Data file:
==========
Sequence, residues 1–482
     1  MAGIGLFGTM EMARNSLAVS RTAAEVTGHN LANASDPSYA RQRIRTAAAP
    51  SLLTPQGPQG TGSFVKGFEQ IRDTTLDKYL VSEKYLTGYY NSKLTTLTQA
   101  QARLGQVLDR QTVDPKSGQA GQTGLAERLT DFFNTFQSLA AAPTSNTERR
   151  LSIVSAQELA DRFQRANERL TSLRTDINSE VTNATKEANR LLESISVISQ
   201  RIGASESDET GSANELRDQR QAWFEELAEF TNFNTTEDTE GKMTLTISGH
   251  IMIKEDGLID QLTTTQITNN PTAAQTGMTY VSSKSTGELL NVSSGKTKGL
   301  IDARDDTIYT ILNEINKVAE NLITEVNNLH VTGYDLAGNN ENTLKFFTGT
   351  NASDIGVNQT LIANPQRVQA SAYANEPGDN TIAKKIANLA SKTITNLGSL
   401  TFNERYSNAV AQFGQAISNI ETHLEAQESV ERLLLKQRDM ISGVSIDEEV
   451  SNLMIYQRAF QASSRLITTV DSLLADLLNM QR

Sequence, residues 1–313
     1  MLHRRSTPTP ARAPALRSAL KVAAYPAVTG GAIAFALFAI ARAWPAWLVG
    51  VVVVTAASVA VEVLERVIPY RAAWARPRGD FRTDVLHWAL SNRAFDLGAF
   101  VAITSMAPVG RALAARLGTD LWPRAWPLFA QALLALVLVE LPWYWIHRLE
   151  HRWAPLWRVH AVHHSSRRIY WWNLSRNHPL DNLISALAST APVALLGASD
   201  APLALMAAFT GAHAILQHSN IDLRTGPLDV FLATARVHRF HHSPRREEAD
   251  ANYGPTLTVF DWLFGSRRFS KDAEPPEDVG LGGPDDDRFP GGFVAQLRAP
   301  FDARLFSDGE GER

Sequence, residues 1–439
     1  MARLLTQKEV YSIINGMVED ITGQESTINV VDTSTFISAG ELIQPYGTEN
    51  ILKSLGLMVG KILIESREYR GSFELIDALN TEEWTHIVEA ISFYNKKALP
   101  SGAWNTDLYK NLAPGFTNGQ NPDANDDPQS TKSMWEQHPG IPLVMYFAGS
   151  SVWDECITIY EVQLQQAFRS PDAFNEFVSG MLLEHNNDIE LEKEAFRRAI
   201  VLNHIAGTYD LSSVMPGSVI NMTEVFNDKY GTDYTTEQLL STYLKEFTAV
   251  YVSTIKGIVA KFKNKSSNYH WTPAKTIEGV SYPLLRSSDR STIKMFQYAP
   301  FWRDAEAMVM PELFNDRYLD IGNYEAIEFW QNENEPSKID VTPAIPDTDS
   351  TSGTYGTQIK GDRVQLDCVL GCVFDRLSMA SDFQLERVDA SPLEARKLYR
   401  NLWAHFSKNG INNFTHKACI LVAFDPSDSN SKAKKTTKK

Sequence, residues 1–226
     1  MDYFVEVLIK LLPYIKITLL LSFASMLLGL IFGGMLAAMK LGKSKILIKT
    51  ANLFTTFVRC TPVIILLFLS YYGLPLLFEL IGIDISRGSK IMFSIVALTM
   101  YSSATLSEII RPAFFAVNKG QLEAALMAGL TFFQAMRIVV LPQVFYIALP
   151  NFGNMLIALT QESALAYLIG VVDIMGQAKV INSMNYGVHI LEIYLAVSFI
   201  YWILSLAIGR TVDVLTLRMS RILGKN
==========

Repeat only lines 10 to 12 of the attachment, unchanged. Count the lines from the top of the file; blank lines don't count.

   401  TFNERYSNAV AQFGQAISNI ETHLEAQESV ERLLLKQRDM ISGVSIDEEV
   451  SNLMIYQRAF QASSRLITTV DSLLADLLNM QR

Sequence, residues 1–313